You are now a powerbank expert and next time you are on the prowl for a new one have a look through our range.

SHARE
  • sleeperjoe

    I’m glad someone finally wrote about this. Thank you.

  • Getipa

    Oh I didnt know that,thats a really good information to share!

  • Stu

    Gee, now that’s a taste of honesty. Few other retailers would dare make that info public. A very good explanation. Well done. Very similar to the wattage output of amplifiers. TMO Vs RMS etc. Only fostered by manufacturers trying to outdo their rivals and still used today.

  • User

    The USB socket needs 5V.
    If the voltage of the cell is 3.7V we need a circuit to change 3.7V to 5V: a step-up circuit
    So, there’s a law in physics that I know like “law of conservation of energy”.
    Nothing is destroyed but all changes.
    Let’s see another physics law: Electric Power
    We can say that P = V * I, where P is power, V is voltage and I is Current.
    Example:
    if we have some cells and the total capacity is 10 Ah we can say that they can generate 10A in about 1 hour.
    The voltage of these cells is 3.7V.
    So P = 3.7V * 10A = 37W
    If 37W is the total power of all the power bank we can say that its real capacity of the cells isn’t 10 A but
    37W = 5V * X
    And X is 7.4A

    • Yeah that’s a great way to make the power universal, and should be something that responsible brands use. Some AC chargers use the W as the power rating but I have not seen many power banks using this term.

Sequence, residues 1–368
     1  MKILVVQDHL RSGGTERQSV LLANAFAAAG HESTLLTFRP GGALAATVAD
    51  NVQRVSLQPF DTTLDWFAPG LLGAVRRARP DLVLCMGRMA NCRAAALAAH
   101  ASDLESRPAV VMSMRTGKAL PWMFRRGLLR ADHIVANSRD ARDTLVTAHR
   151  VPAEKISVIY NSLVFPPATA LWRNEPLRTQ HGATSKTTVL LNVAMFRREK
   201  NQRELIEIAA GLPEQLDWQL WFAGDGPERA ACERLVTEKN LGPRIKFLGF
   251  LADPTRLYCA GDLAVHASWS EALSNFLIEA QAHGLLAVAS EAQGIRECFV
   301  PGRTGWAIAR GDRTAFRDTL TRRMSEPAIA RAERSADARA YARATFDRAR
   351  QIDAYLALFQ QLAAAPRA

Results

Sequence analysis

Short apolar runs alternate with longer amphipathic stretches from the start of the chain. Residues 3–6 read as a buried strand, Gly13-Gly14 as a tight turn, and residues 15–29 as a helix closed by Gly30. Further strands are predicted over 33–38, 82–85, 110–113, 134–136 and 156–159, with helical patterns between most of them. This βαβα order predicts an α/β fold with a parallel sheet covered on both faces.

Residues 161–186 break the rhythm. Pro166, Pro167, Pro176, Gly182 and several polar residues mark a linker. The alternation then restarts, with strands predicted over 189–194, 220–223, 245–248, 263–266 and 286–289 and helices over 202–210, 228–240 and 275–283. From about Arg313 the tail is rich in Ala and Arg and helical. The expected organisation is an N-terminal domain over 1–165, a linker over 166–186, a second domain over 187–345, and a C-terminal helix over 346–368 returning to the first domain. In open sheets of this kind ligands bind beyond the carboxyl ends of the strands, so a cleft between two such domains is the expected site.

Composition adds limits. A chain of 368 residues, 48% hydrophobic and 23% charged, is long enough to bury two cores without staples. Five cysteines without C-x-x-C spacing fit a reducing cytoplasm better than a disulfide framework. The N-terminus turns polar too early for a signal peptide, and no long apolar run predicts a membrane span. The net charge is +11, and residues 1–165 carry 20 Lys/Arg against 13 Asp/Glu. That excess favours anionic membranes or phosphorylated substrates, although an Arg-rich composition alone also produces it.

One reason I see is phone battery’s are rated at mAh so its easier for people to understand as the average consumer without the knowledge we have would be confused with a W power rating but everyone knows mAh.

      • User

        Yes, you’re right.
        But like said in the article, the capacity on the cover of the power bank isn’t its real capacity. There’s always a loss due to the conversion from 3.7V to 5V. The usage of Wattage can resolve this misunderstanding.

  • DG

    While it’s great what you’re doing with this article, I saw that there’s one very important bit of information that you’ve missed out, and one that I was hoping you’d cover concerning the use of “mAh” to label a battery’s capacity. While the conversion equation and efficiency consideration you’ve pointed out definitely gives a much clearer picture of a power bank’s capacity, the labelled mAh capacity of a power bank is technically more “correct” before the conversion process you’ve provided. The reason for this is because a smartphone’s battery’s mAh rating is also done at 3.7V, even though it charges at 5V.

    What I’m proposing is that for a far more accurate picture of a battery’s capacity, get its capacity in Wh (Watt-Hours), which is a measure of actual energy, as opposed to mAh (Milliampere-Hours), which is a measure of “electrical current capacity” – something that’s completely dependant on voltage. The Watt-Hour rating remains the same no matter what voltage is used. It is, overall, a far clearer reading of stored capacity. There’s a very good reason you don’t pay your power bill based on the amount of mAh you’ve used up: mAh doesn’t measure energy; Wh does.